On February 3, a train carrying a variety of toxic chemicals derailed near the small Ohio town of East Palestine, and residents have a lot of legitimate concerns. Here’s what we know so far and what it means for local residents..
The Train Derailment
On February 3, a Norfolk Southern train carrying hazardous chemicals derailed near East Palestine, Ohio. 38 train cars derailed, including 11 that were carrying hazardous materials. Another 12 cars were damaged by fire. Shortly after the crash it was discovered that vinyl chloride was escaping from one of the cars.
In the short term, inhaling vinyl chloride can cause headaches, dizziness, sleepiness, skin irritation, respiratory tract irritation and other symptoms. Inhaling high levels of vinyl chloride can cause fainting, and can even be fatal. In the longer term, vinyl chloride may cause liver cancer or other serious conditions.
Later, it was revealed that additional toxic substances may have been released, to varying degrees.
Evacuation Orders After the Ohio Train Derailment
More than two days after the derailment, residents near the derailment site were ordered to evacuate. Officials warned that a significant rise in temperature in one of the cars suggested a high likelihood of toxic gas release, an explosion, or both. The following afternoon, February 6, the evacuation order was expanded as Norfolk Southern prepared for a controlled release–burning off of chemicals to prevent an explosion.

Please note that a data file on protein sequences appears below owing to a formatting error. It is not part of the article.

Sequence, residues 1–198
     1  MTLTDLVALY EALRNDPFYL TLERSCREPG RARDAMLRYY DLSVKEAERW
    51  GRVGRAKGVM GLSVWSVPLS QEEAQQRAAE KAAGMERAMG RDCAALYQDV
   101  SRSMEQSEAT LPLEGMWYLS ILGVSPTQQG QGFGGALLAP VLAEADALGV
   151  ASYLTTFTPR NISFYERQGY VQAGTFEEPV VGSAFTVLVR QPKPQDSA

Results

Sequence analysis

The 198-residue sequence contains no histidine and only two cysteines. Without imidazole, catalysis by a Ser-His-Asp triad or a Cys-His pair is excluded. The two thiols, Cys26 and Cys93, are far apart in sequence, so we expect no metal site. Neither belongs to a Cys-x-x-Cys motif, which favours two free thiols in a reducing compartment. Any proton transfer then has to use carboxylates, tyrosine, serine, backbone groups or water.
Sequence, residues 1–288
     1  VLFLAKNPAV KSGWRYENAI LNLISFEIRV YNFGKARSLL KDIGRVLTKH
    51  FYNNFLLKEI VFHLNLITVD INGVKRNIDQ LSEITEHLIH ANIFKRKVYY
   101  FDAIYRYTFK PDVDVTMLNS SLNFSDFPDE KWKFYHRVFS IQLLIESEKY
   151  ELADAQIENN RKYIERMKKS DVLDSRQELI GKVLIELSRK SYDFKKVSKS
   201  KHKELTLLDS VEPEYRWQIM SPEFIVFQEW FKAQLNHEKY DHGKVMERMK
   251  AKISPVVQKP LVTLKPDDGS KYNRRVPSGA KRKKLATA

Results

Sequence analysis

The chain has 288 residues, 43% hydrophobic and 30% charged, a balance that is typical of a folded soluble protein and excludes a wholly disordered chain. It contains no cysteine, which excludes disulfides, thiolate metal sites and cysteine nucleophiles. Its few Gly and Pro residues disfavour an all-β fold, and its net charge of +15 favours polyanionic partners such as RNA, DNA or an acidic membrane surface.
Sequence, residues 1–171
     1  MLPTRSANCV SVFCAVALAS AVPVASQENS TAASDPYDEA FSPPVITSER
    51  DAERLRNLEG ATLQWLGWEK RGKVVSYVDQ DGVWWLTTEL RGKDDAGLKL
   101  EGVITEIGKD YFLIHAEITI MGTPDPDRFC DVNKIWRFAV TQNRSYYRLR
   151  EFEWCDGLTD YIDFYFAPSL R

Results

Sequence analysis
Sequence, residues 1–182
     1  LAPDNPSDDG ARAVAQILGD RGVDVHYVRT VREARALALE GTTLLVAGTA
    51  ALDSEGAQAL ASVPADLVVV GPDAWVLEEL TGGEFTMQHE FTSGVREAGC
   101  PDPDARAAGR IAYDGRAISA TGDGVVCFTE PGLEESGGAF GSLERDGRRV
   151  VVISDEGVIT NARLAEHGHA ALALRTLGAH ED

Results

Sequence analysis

The Governor’s order warned that:
…the controlled release process involves the burning of the rail cars’ chemicals, which will release fumes into the air that can be deadly if inhaled. Based on current weather patterns and the expected flow of the smoke and fumes, anyone who remains in the red affected area is facing grave danger of death. Anyone who remains in the yellow impacted area is at a high risk of severe injury, including skin burns and serious lung damage.
Two days after the controlled release, residents were cleared to return to their homes. But many remain uncertain.
Effects of the Train Derailment and Chemical Release
The full extent of the harm caused by the introduction of toxic chemicals into the environment around East Palestine is not yet known. Many local residents suffering from headaches, dizziness, nausea, and other symptoms have reportedly been told by local doctors that their symptoms are attributable to other causes, such as colds.
They’ve also been told that the municipal water supply has been tested and is safe to drink, though those with private wells are encouraged to conduct testing. But with an odor lingering in the air, thousands of dead fish, and reports of illness in local farm animals, many are skeptical. Some haven’t returned to their homes and aren’t sure when or whether they should. Many are understandably worried about possible long-term effects, such as the increased risk of developing liver cancer and other cancers, including lung cancer, brain cancer, lymphoma, leukemia, and others.
While the health risks are rightly front and center right now, there are economic concerns as well. If property values are impacted by the contamination, it may be difficult for those residents who have decided they don’t want to risk staying in the area to move on.
Federal Assistance on the Way